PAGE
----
Decision-Making Questions

What follows is a list of questions that will help you to gain clarity on deciding whether or not to take a certain course of action. Such a decision could be whether to continue something you’re already doing, such as a certain relationship, project, or hobby; or, it could be whether to start such an endeavor.

For example, your decision may be along the lines of, Should I take this job? Or, similarly, Should I continue this job, or quit?

The questions are in bold. Underneath each question is an explanation of what the question means.

Note that there are no right or wrong answers here. The point is to answer the questions truthfully. After all, you are the one making the decision here. From there, it’s up to you to take those answers into account when making your decision.


What am I doing this for?

Are you trying to produce a certain outcome? Or are you more concerned with the actions you take and experiences you have than with producing a particular result?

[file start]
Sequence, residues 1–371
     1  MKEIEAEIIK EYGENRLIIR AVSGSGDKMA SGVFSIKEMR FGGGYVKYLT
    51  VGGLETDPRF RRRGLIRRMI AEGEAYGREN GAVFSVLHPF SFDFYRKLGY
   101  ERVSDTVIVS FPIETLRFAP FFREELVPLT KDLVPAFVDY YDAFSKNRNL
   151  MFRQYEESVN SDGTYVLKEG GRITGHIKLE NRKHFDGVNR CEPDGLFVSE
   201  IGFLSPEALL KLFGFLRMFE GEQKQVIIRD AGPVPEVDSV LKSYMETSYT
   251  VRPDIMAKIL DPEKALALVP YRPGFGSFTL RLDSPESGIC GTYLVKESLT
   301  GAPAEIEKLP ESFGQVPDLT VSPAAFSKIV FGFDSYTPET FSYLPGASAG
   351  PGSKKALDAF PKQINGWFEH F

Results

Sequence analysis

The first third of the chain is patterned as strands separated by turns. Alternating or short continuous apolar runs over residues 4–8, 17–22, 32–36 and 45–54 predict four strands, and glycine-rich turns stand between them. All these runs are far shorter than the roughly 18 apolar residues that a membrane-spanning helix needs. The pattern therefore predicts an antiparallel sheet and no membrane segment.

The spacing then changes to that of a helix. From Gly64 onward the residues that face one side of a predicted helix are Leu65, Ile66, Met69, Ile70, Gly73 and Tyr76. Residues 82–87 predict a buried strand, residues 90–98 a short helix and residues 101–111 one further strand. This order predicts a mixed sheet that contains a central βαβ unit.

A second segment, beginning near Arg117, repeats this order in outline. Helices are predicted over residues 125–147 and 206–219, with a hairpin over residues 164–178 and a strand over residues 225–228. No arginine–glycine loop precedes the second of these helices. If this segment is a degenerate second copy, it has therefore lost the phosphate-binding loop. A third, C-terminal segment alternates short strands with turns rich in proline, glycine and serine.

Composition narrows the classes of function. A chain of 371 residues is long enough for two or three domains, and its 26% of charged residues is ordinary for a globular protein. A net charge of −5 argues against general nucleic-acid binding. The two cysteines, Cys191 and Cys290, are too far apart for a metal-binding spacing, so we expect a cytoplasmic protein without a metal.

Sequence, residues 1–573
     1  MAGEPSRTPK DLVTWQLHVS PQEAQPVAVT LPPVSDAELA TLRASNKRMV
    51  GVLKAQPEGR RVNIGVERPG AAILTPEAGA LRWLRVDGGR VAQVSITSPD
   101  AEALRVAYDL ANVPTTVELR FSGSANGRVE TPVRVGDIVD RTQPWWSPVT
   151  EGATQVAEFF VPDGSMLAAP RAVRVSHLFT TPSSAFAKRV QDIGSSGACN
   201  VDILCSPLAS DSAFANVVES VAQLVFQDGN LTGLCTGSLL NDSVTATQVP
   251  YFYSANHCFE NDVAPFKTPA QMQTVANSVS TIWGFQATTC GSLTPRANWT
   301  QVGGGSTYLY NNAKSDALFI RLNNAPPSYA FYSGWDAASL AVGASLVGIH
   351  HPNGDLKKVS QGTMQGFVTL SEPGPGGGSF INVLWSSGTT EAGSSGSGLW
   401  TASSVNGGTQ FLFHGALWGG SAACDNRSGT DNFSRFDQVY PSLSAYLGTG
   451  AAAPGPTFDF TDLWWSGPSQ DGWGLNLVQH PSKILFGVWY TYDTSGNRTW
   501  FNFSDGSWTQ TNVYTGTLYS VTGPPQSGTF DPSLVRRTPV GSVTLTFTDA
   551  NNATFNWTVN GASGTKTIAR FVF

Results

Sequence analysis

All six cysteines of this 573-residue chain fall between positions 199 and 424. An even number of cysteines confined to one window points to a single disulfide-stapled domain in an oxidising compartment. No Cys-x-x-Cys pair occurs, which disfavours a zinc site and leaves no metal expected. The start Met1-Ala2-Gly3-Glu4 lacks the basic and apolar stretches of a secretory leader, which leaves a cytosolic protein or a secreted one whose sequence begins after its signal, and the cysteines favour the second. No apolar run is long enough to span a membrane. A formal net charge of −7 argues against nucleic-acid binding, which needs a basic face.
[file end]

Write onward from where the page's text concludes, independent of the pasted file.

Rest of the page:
What result do you intend to produce? Money in the bank? Your face on television? Smiles on people’s faces?

If you’re trying to produce a certain result, is this the ideal means of producing this result? Do you really have to take this path in order to produce the result? If not, why are you going about in this manner? In that case, I’d bet there is a better way to produce the result. Why don’t you find, come up with, or hold out for a better way?

On the other hand, if your main concern is the experience and the action, keep reading.


Is there any growth in this endeavor?